The phlogiston theory was put forward in 1667 by Johann Joachim Becher as an attempt to explain the combustion process and the rusting of metals both of which are now known as oxidation.
The Phlogiston theory said that all flammable substances had phlogiston within them. It was something that did not have any colour, smell, taste or mass that was released upon burning. After everything was burned, only then would the dephlogisticated, substance would take its true form. For instance substances that could be burned in air were determined to be rich in phlogiston. When air was taken away, burning would cease leading to a conclusion that air had a capacity to absorb a finite amount of phlogiston.
Joseph Priestly was an 18th-century English theologian, Dissenting clergyman, natural philosopher, chemist, educator, and political theorist. Priestley’s science was integral to his theology, and he consistently tried to fuse Enlightenment rationalism with Christian theism.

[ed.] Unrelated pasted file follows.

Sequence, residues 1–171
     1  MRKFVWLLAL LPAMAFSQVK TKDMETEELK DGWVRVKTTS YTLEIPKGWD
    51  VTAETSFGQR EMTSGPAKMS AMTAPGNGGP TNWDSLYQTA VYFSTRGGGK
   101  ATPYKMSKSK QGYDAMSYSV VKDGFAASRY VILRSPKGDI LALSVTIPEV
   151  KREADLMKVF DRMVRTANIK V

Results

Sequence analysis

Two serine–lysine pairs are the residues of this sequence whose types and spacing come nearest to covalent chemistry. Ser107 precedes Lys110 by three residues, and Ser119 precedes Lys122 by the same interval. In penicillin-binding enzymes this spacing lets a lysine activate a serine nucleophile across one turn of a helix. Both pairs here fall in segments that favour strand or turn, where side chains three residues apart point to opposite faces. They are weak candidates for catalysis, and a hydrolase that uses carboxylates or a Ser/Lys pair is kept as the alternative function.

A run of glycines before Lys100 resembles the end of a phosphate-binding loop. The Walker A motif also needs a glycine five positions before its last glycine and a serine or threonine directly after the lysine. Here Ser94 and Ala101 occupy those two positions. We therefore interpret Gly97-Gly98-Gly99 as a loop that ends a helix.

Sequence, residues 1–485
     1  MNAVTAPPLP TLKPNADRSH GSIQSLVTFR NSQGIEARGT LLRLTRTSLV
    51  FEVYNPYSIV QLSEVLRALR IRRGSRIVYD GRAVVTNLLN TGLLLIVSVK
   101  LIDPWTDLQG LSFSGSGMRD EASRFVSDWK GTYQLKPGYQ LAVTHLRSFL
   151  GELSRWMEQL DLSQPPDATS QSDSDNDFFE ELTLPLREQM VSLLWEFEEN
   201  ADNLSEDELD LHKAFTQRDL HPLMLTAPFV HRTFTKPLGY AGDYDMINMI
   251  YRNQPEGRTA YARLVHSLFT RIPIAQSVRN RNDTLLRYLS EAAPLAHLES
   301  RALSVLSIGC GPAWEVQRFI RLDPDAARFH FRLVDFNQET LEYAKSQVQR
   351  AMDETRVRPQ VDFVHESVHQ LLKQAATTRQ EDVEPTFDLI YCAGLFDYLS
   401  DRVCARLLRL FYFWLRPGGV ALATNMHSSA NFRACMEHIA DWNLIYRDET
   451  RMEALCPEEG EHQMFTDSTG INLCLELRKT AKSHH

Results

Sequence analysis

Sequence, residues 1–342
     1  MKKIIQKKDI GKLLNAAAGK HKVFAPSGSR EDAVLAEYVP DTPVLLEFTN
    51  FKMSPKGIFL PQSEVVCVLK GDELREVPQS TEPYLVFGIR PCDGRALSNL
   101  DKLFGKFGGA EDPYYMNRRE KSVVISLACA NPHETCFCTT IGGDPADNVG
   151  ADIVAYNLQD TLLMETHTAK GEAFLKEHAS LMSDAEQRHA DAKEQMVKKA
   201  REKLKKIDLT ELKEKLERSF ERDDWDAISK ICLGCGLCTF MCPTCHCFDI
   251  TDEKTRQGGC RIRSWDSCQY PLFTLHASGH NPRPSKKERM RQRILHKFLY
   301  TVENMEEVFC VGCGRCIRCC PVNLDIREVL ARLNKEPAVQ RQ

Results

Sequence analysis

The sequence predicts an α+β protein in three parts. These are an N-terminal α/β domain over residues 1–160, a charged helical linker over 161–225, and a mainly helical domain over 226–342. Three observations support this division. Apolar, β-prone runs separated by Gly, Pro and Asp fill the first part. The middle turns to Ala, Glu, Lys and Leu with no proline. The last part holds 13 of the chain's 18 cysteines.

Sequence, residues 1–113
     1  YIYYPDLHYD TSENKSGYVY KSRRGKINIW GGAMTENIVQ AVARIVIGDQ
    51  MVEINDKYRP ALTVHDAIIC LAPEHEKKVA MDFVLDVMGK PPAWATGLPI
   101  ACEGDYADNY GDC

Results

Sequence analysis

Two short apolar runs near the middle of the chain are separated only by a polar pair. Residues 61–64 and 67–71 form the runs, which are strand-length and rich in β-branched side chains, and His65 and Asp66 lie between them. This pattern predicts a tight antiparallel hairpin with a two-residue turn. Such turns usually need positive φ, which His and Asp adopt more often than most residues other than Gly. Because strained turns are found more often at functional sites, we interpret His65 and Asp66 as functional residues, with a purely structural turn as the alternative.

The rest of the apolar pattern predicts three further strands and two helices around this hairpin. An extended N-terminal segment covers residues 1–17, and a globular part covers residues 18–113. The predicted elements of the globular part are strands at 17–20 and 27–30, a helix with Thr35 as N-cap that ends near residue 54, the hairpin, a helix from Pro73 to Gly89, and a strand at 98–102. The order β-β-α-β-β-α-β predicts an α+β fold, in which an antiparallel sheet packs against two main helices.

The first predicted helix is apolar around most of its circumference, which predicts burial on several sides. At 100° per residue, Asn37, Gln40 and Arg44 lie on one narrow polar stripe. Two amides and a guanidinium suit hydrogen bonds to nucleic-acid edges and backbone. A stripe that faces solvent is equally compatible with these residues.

During his lifetime, Priestley’s considerable scientific reputation rested on his invention of soda water and his discovery of several “airs” (gases), the most famous being what Priestley dubbed “dephlogisticated air” (oxygen). However, Priestley’s determination to defend the phlogiston theory and to reject what would become the chemical revolution eventually left him isolated within the scientific community.